It wasn’t that I was asking God to get me out of paying. Instead, I was seeking a different, more spiritual view of things. I wanted to better understand that even if it doesn’t always seem like it when we look around, we can trust that God’s children are spiritual, always subject to goodness and goodness alone, always under the government of God, where goodness reigns supreme.

As I prayed along these lines, the sense of anger that my inner cry of “That’s unjust!” had fed was replaced by a calm, comforting sense that God’s law is eternally being fulfilled, and that there are no victims in God’s kingdom.

Very soon after that, we learned that an unexpected lead had resulted in the identification of those responsible for the damage. The dorm’s residents wouldn’t be charged after all! I was grateful for those who had been diligently working to resolve the situation, and for the clearer understanding of divine law I had gained through prayer.

Humbly and wholeheartedly striving to better understand that each of us, as God’s spiritual creation, is subject to divine law inspires us to think and act – that is, to “lead ... ourselves” – in ways that are in accord with God’s law of goodness. And that can open the door to evidence of God’s eternal law challenging injustices here and now.

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Dear Reader,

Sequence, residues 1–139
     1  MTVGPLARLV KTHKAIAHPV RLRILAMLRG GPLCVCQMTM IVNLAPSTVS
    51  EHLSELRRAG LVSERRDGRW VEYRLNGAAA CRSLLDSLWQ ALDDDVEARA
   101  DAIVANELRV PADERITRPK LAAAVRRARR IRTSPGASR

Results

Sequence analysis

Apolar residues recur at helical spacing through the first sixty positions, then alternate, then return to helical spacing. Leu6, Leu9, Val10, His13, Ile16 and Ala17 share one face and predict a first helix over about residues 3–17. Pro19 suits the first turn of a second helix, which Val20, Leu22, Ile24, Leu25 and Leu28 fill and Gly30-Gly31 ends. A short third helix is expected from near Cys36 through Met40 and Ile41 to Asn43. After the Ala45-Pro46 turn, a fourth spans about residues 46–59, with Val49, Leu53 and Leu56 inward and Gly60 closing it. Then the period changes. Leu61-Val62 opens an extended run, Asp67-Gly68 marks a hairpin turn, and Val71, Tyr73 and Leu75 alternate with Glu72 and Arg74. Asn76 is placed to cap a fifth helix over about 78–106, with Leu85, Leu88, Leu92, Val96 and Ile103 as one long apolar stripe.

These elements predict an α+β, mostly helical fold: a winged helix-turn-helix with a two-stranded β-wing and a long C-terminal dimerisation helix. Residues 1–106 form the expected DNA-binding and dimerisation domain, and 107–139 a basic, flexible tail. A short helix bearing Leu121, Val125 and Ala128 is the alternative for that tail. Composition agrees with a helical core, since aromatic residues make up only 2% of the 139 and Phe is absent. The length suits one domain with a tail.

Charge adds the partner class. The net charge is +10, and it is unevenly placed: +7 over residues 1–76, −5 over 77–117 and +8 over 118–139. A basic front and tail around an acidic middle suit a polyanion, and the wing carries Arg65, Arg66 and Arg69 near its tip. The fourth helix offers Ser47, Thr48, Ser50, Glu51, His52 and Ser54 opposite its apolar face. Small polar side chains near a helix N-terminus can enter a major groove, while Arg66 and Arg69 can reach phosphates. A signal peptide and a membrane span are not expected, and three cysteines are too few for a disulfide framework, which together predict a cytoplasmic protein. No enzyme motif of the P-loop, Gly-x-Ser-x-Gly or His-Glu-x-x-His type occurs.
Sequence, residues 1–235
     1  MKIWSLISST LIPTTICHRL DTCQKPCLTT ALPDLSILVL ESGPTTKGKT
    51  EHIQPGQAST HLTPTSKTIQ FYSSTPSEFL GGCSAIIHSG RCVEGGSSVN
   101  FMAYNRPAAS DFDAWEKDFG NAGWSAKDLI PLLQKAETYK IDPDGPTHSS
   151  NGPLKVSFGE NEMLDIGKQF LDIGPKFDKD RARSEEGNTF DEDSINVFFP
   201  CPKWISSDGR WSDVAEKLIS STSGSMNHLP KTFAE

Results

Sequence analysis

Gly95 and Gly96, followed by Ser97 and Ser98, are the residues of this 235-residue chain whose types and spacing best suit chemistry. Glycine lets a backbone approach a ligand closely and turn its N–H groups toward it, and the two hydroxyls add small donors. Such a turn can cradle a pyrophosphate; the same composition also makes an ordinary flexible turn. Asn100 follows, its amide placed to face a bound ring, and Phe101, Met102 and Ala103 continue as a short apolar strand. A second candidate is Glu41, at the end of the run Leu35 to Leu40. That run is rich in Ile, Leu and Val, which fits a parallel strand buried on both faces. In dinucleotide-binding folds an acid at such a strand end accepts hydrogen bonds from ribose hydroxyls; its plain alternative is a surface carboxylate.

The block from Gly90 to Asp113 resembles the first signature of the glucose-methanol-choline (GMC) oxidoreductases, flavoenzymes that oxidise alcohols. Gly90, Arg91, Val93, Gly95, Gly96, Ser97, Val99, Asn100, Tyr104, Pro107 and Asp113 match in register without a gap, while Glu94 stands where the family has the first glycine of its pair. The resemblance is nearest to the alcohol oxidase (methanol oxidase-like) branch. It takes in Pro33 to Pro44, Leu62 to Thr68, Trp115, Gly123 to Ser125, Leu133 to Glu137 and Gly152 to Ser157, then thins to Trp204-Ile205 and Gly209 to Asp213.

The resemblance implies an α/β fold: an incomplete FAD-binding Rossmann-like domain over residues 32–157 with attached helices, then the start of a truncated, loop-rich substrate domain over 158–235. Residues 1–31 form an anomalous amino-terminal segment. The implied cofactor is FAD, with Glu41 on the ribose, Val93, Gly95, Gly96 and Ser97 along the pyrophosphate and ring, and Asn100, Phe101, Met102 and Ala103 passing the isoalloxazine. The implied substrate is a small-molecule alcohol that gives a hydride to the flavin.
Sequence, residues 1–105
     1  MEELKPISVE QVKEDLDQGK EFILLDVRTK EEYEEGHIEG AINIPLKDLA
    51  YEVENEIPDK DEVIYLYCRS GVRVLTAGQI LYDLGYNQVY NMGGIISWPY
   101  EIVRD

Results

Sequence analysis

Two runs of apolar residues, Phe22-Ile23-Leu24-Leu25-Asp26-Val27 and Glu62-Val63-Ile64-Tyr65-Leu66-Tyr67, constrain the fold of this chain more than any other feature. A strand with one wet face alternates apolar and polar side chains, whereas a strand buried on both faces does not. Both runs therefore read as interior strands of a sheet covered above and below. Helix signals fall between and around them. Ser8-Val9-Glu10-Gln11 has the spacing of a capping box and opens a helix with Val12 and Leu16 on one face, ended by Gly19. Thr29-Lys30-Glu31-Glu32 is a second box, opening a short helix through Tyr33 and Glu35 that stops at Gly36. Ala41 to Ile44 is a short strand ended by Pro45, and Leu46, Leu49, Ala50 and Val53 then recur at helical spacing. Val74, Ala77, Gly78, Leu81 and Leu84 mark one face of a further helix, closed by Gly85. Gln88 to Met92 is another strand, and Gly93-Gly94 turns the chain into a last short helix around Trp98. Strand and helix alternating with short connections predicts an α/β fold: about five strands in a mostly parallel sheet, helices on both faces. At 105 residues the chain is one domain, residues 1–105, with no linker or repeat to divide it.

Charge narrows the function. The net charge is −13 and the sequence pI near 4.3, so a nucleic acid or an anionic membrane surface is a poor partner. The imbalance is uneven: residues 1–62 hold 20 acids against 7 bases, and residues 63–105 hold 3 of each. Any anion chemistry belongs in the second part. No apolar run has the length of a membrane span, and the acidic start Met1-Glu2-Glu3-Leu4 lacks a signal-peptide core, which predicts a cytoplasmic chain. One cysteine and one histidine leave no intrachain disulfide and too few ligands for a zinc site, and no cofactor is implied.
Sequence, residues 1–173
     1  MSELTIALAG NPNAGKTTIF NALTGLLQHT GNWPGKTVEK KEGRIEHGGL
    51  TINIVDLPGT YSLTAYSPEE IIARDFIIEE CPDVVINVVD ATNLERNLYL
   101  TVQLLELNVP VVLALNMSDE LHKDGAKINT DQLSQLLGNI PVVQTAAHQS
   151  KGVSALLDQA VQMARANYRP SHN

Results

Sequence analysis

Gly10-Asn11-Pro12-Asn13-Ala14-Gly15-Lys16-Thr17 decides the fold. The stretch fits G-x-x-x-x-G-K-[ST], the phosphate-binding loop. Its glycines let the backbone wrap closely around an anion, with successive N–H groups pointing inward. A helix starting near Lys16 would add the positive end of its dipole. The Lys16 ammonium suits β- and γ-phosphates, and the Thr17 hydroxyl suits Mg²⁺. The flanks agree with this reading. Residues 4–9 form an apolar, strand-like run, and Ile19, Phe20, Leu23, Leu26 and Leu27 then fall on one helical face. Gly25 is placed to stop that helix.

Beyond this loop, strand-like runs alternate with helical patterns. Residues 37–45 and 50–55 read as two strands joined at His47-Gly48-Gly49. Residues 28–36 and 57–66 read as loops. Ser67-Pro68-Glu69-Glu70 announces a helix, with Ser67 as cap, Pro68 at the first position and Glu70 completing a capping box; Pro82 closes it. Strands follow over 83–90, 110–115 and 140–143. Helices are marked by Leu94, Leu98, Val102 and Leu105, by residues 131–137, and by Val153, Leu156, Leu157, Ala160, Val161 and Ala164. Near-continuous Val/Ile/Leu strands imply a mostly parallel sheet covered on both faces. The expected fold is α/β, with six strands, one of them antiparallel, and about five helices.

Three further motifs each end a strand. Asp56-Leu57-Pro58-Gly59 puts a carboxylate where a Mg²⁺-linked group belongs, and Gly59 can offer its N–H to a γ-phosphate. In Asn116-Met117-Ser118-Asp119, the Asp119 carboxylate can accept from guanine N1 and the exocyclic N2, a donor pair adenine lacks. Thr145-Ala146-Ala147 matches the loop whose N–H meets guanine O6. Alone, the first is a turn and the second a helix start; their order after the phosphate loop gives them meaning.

About a year ago, I happened upon this statement about the Monitor in the Harvard Business Review – under the charming heading of “do things that don’t interest you”:

“Many things that end up” being meaningful, writes social scientist Joseph Grenny, “have come from conference workshops, articles, or online videos that began as a chore and ended with an insight. My work in Kenya, for example, was heavily influenced by a Christian Science Monitor article I had forced myself to read 10 years earlier. Sometimes, we call things ‘boring’ simply because they lie outside the box we are currently in.”

If you were to come up with a punchline to a joke about the Monitor, that would probably be it. We’re seen as being global, fair, insightful, and perhaps a bit too earnest. We’re the bran muffin of journalism.

But you know what? We change lives. And I’m going to argue that we change lives precisely because we force open that too-small box that most human beings think they live in.

The Monitor is a peculiar little publication that’s hard for the world to figure out. We’re run by a church, but we’re not only for church members and we’re not about converting people. We’re known as being fair even as the world becomes as polarized as at any time since the newspaper’s founding in 1908.

We have a mission beyond circulation, we want to bridge divides. We’re about kicking down the door of thought everywhere and saying, “You are bigger and more capable than you realize. And we can prove it.”

If you’re looking for bran muffin journalism, you can subscribe to the Monitor for $15. You’ll get the Monitor Weekly magazine, the Monitor Daily email, and unlimited access to CSMonitor.com.